Even after BSA forced Brock to resign, they encouraged and assisted in a cover up of the fact that he had been accused of sexually molesting 12 boys in his troop. BSA allowed Brock to claim he had resigned because of high blood pressure. After he resigned, the Scout Executive of the local Council wrote to suggest that, “while [Brock] should be encouraged to have no further contact at troop meetings, outings, etc., I can see no reason why he shouldn’t be recognized at the 50th anniversary celebration[.]” He thought it “would help to ally questions about his retirement from the troop,” emphasizing that “the less it is discussed among adults and boys . . . the better it will be.”

“It is hard to imagine the destruction caused to those 12 boys and their families by the cover up of Brock’s crimes,” Dumas said. It seems clear from Brock’s IV File that no one involved in Scouting reported Brock’s crimes to the police or to the parents of the 10 boys identified as likely victims.

Brock went on to molest and sexually exploit other boys. In 1971, he was indicted in Clackamas County for fondling an 11-year-old boy and indicted on two counts in Jefferson County for fondling two ten-year-old boys. When Brock was arrested, police seized hundreds of photograph slides of nude boys and adults, and pornographic magazines and books, many featuring young boys. Brock pled guilty to one count in Clackamas County and one count in Jefferson County.

In 1965, the BSA had awarded Brock the Silver Beaver award, one of BSA’s most prestigious honors for Scout volunteers. The Scouts did nothing to rescind the award after he was accused of, and later convicted of, sexually molesting children. Brock tried to re-register as a Scout volunteer in 1978 and 1982. Brock died in 2001.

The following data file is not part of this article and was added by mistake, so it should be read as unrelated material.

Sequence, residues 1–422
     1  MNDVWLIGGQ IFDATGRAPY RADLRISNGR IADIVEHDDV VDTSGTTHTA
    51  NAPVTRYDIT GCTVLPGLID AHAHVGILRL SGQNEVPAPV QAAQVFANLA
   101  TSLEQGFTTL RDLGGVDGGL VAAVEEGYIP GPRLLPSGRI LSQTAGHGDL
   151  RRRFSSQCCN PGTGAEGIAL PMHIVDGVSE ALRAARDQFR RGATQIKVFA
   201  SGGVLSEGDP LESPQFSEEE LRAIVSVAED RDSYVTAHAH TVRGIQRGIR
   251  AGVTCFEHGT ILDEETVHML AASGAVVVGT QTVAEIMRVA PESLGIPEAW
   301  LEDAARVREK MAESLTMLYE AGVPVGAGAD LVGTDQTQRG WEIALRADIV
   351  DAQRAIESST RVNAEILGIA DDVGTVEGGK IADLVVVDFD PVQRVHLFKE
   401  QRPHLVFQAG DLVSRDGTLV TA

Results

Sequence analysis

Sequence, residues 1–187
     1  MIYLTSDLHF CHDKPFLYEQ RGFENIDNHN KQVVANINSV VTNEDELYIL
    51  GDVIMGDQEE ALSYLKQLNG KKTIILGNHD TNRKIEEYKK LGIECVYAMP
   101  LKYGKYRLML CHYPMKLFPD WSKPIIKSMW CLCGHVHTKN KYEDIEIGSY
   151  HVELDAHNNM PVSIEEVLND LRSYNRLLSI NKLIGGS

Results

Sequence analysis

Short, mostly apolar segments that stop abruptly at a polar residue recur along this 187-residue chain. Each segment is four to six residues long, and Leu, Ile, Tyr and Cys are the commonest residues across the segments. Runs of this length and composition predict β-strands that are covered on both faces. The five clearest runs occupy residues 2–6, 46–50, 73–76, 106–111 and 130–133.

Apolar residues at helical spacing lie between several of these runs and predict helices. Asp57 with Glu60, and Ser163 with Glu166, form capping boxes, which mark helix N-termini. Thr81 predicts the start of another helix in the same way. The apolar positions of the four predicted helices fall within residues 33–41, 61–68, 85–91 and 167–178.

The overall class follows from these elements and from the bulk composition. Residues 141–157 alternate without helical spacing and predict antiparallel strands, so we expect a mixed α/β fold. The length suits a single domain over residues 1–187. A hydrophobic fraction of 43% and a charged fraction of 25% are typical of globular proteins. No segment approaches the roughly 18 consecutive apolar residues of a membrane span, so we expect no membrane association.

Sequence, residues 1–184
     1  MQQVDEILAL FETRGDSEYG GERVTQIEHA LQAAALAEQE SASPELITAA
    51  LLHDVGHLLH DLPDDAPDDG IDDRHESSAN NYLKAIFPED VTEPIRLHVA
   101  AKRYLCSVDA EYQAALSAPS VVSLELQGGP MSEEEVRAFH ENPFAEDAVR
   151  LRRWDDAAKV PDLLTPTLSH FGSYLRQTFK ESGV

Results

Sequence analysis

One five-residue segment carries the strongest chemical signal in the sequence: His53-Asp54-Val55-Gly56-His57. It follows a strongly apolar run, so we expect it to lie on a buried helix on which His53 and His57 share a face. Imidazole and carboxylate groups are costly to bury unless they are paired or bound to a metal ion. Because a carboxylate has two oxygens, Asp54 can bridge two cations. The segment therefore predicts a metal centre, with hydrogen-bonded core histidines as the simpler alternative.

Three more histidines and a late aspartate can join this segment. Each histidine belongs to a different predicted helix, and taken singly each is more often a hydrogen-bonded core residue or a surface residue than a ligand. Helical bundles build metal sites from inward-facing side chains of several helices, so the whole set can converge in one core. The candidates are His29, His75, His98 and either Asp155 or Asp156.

In the current lawsuit, R.R. alleges that Brock abused his position of trust and respect as a Scoutmaster to sexually abuse him. Brock frequently took Scouts hiking, camping, and swimming in the summers. He encouraged Scouts to swim nude, took nude photographs of them, and fondled them while they were swimming. Brock frequently hosted Scouts at his house for troop meetings and sleepovers, where he encouraged the boys to hang out and sleep with him in the nude. He showed them slideshows of nude photographs of young boys and adults. During sleepovers with R.R. and his brothers, Brock raped and molested R.R.

R.R. makes claims against the Defendants for sexual battery, intentional infliction of emotional distress, negligence, and fraud. He will ask the Court to add a claim for punitive damages when the rules allow. His case asks for a maximum amount of $9 million, although it will be up to the jury to decide the actual amount to award. “In the end, this is about righting a wrong that was done to me, my brothers, and our whole family. It is about holding BSA accountable for not protecting boys in Scouts for decades,” said R.R.

Dumas notes that Brock volunteered for Boy Scouts for over 30 years and had many more victims, including the ten boys mentioned in his IV File, and that there are likely many more witnesses with information. “We want these witnesses or other survivors to know, that if they come forward, they will be listened to and treated with respect.”

Dumas and Vaughn Attorneys at Law has law offices in Portland, Oregon and serves clients in Oregon, Washington, Idaho, and other states.